Turkey’s choice could not be starker: more cruelty under Erdoğan, or the return of justice and hope

The country could finally tear off the straitjacket it has worn for years. But its president is a tiger caught by the tail – what will he do if he loses?

This weekend, my country will choose. If the unlikely unity coalition of opposition parties beats the goliath that is President Recep Tayyip Erdoğan, Turkey will be able to tear off the straitjacket that it has worn for years. If the regime wins, however, we will be mourning a country that once was, that could have been.

This is a clash between the forces of autocracy and democracy, between cruelty and basic morals. There is a real chance that Erdoğan will lose because six opposition parties have formed a united coalition, led by the secularist Kemal Kılıçdaroğlu. Not since the huge anti-government Gezi park protests in 2013 have the people of Turkey put their eternal conflicts to the side like this in order to take on Erdoğan’s palace, which effectively runs everything from the economy to the judiciary.

The party-state he has built, under the banner of his Justice and Development party (AKP), has not only undermined all the democratic mechanisms in Turkey but also created a model citizen who believes in submission to the regime – the millions who see themselves in Erdoğan’s image. There is even now a social problem of ordinary people acting violently against doctors – a social group often portrayed as an anti-government elite. Doctors, for their part, have been leaving Turkey in thousands, as have academics, engineers and well-educated people, who feel unsafe in a country increasingly defined by a combination of conservative religiosity and thuggish politics. Just this Sunday, an opposition bus in the AKP-run Erzurum, east Turkey, was pelted with stones during a rally. Last month, the interior minister, Süleyman Soylu, denigrated the elections themselves, comparing them to a “coup” attempt. Meanwhile, the list of people – from university students asking for academic freedom to opposition parties – who Erdoğan calls “terrorists” grows longer by the day.

Kemal Kılıçdaroğlu address the rally in Sivas on 11 May 2023. Photograph: Alp Eren Kaya/Depo Photos/ZUMA Press Wire/Shutterstock

The anti-government coalition brings together a wide range of political actors, from ultra-nationalists to social democrats, and has gained support from the Kurdish community and the socialists. They all know that if they lose, many of them will end up in Erdoğan’s massive prisons, like Selahattin Demirtaş, the Kurdish political leader who was a candidate for the presidency in previous elections before he ended up in jail after what was effectively a mock trial.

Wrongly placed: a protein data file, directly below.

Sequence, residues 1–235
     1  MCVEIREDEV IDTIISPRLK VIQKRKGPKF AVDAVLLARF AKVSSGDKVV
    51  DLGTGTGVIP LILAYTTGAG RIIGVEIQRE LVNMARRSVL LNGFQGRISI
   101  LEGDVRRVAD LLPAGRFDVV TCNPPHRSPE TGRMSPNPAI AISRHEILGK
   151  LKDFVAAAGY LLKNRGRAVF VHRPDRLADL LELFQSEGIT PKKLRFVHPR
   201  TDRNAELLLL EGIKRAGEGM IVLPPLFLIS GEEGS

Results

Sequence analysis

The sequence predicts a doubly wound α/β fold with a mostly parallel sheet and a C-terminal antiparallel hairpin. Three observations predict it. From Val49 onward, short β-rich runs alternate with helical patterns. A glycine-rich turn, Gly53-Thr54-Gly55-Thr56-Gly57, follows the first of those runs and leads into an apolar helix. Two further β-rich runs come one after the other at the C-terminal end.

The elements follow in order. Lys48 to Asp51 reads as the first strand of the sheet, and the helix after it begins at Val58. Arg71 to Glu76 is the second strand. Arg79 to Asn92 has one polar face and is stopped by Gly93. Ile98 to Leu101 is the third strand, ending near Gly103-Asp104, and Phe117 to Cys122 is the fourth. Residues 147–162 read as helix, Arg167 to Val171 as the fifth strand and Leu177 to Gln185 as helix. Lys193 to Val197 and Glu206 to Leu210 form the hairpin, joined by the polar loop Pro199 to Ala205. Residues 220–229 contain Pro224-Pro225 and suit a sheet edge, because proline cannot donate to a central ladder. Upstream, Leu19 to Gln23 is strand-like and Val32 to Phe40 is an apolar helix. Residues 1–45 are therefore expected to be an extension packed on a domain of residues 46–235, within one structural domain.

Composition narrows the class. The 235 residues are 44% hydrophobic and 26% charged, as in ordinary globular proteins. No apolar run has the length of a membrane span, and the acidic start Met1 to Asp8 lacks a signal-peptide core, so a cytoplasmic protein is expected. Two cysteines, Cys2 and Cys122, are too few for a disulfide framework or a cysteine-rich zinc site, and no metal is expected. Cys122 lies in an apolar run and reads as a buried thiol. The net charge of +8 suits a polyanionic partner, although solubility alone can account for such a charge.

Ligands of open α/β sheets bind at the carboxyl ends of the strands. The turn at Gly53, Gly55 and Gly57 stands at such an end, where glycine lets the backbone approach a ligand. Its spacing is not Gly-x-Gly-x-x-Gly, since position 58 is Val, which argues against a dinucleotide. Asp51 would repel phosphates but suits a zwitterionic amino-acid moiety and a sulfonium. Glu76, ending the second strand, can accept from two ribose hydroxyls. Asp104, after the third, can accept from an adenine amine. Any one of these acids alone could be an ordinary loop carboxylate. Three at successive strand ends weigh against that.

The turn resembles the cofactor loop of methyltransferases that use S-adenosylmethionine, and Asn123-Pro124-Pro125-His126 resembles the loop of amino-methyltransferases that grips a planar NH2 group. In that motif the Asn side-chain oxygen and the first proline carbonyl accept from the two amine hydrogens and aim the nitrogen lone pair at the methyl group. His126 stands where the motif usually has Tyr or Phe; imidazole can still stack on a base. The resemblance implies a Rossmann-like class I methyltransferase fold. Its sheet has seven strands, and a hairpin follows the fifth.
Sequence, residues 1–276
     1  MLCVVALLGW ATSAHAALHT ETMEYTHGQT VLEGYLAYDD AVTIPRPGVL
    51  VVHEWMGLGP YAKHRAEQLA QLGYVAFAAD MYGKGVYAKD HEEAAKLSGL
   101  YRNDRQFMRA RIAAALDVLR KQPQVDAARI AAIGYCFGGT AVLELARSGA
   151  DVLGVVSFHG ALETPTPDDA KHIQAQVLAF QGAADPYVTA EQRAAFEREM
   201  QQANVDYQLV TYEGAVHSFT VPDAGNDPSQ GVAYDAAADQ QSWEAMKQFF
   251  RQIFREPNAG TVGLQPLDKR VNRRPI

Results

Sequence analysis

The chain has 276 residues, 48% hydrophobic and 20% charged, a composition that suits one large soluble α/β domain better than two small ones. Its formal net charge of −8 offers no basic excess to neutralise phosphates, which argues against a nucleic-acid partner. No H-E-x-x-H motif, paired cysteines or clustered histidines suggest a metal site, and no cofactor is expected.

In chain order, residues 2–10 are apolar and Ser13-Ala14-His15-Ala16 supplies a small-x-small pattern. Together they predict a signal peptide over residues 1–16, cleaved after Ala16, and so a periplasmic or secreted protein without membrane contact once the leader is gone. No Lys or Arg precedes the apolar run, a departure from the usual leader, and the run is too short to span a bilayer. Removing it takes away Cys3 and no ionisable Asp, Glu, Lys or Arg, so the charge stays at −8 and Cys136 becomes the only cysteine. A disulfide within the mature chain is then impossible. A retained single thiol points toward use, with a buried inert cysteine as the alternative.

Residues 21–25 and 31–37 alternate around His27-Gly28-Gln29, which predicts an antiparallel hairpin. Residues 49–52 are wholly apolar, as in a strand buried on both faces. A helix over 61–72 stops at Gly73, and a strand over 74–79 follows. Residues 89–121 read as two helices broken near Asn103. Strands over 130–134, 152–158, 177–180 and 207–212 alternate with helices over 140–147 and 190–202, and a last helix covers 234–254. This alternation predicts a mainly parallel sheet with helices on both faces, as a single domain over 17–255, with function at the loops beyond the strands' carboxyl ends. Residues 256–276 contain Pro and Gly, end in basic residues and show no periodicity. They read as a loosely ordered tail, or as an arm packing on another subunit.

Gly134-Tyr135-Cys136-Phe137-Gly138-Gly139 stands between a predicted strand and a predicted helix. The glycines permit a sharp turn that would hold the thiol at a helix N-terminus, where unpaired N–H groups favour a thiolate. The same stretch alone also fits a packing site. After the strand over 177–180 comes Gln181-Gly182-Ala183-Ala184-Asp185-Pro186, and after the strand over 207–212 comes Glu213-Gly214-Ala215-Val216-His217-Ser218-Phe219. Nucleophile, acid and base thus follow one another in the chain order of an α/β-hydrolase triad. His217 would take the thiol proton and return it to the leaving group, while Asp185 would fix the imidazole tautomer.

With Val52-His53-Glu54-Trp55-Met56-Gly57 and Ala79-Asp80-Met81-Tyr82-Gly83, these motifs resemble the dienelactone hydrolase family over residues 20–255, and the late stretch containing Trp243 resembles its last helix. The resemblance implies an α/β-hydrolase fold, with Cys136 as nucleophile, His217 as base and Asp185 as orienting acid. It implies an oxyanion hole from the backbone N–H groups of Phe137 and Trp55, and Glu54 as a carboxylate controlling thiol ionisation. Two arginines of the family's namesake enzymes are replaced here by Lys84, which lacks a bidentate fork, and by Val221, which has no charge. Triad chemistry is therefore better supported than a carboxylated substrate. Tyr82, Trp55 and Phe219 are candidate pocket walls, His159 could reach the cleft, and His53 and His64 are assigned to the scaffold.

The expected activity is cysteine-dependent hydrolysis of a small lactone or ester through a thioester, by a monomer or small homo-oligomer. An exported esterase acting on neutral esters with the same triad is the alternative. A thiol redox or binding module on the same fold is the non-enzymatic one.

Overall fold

Kılıçdaroğlu, the main opposition leader and dubbed the Gandhi of Turkish politics, and his allies keep making the heart-shape with their hands in every mass rally. It looks cheesy, but it means a lot. So many people are exhausted and see value in the simple gesture. “The destiny of the country and the party are one and the same,” Erdoğan has often said, casting half the nation as the enemy within. There’s a reason he’s scared: the opposition alliance has committed to reverse much of his legacy, principally proposing a shift back towards a parliamentary – rather than presidential – political system.

Still, the result is no foregone conclusion. Erdoğan’s propaganda machine is ruthless; the attack in Erzurum was quickly spun into a provocation against his party. After 20 years as Turkey’s most dominant politician, he can count on a wide range of support thanks to the web of political money that spans the country to feed his supporters, the fear of all things foreign that he inculcates in many Turkish people, and his mastery in exploiting religious sensitivities. Erdoğan’s cult of personality still mesmerises his base.

Recep Tayyip Erdoğan at an election rally in Ankara, Turkey on 11 May 2023. Photograph: Anadolu Agency/Getty Images

Recep Tayyip Erdoğan at an election rally in Ankara, Turkey on 11 May 2023. Photograph: Anadolu Agency/Getty Images

But he knows well that electoral loss could lead to him and his close circle ending up in court, both domestically and even internationally given Turkey’s alleged war crimes in Syria. He is a tiger caught by the tail; the stakes are incredibly high. That is why Kılıçdaroğlu has warned his supporters not to go on the street to celebrate on election night for their safety. Still, Kılıçdaroğlu insists: “We will not seek revenge, but we sure will punish the guilty.”

The problem is that, as in any autocratic regime, the actors who paved Erdoğan’s way to his sultanate are many. A moment of truth for Turkey approaches. The question is simple: not Erdoğan or opposition, but fear or hope?

By Ece Temelkuran is a Turkish journalist and political commentator, and author of How to Lose a Country: The 7 Steps from Democracy to Dictatorshiptheguardian.com

ميادين | مرآة المجتمع، ملفات، تحليلات، آراء وافكار و رسائل لصناع القرار.. صوت من لا صوت له | الإعلام البديل

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